The mighty Laurelhurst Theater has been having a '60s film fest of sorts during the last few weeks, which has given me the rare opportunity to see some of the favorite films of my yoot on the big screen. Those of you who grew up in the Chicago area during the 60s and early 70s may remember as fondly as I the venerable "Family Classics" with Frazier Thomas that aired on Sunday afternoons on WGN -- or, and one must adapt an "old man voice" here: "in my day it was just channel 9." Apparently, Frazier picked out the films himself that he thought would be good viewing for the kiddies, and ran them in heavy rotation. So I had the chance to get to know some great films that were made before I was born, like "War of the Worlds" and "The Time Machine." Fortuitously, the films the Laurelhurst is playing intersects nicely with the Family Classics films, so I couldn't pass up the chance last Saturday to see "Mysterious Island," the film that first made me recognize the importance of a kick ass film score, and yesterday the unassailable awesomeness that is "Jason and the Argonauts," both on the big screen. Actors? Directors? Pffft! Who cares when you have the legendary Ray Harryhausen doing the special effects, and the even MORE legendary Bernard Herrmann doing the music? Blissful, I tells ya!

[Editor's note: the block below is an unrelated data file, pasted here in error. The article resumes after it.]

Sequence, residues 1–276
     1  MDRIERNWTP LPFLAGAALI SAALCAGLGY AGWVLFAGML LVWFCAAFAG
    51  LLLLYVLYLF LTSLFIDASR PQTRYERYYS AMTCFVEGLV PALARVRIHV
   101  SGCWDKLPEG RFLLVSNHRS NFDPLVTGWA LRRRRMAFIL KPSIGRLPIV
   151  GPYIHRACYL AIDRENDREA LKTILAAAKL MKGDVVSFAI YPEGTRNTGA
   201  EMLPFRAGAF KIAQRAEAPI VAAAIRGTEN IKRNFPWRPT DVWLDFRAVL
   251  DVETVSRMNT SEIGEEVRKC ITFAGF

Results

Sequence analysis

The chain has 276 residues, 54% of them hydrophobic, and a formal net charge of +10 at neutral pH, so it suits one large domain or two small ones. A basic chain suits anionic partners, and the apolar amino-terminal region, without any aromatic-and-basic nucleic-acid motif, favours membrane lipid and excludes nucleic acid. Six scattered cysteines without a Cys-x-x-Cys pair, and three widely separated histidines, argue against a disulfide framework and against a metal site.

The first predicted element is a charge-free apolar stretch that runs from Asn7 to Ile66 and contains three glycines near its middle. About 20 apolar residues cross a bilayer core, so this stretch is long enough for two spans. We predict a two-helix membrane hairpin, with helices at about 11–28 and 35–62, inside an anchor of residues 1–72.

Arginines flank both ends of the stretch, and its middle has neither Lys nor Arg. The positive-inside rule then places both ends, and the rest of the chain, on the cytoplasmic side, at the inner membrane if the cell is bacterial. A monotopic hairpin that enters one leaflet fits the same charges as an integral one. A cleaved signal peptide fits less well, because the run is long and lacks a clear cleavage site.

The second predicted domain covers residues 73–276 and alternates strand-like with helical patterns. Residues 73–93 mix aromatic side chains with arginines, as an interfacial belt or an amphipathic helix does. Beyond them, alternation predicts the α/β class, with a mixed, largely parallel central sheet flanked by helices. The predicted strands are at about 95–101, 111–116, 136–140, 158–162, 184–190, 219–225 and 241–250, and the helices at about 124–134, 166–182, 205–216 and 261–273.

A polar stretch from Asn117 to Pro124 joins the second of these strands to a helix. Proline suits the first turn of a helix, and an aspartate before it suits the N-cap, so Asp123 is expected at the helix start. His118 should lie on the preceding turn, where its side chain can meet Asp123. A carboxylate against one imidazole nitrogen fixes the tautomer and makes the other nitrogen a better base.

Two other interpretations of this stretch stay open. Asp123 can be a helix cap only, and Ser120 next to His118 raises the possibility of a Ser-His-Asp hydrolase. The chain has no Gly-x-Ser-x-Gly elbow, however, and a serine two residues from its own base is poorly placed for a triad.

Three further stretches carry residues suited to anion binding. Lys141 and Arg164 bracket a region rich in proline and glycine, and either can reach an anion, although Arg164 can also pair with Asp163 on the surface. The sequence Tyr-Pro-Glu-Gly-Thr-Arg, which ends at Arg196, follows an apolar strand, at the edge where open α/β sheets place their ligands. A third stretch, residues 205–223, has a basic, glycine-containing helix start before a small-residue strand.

A couple of posts ago, I mentioned how much I liked the movie "300," despite its pedestrian script and flagrant historical inaccuracies. I based this opinion largely on its jaw-dropping visual style. But watching "Jason and the Argonauts," which was made in 1963, made me wonder how well "300" would hold up in 40 years. I mean, answer this question:
Who's the bigger bad ass?
I gotta say, I think it's the guys what ain't got no skin. But it does make one wonder if the ubiquitous, push-button nature of CGI has robbed film of some of its magic. Or maybe I'm just getting older and the final product means more if I know that some old dude in his garage took 4 months to produce a fight with skeletons that only lasted two minutes on screen. I guess it's just the heart involved. You can feel the passion in "Jason and the Argonauts." Passionate CGI, well, perhaps that's just a little bit harder to render.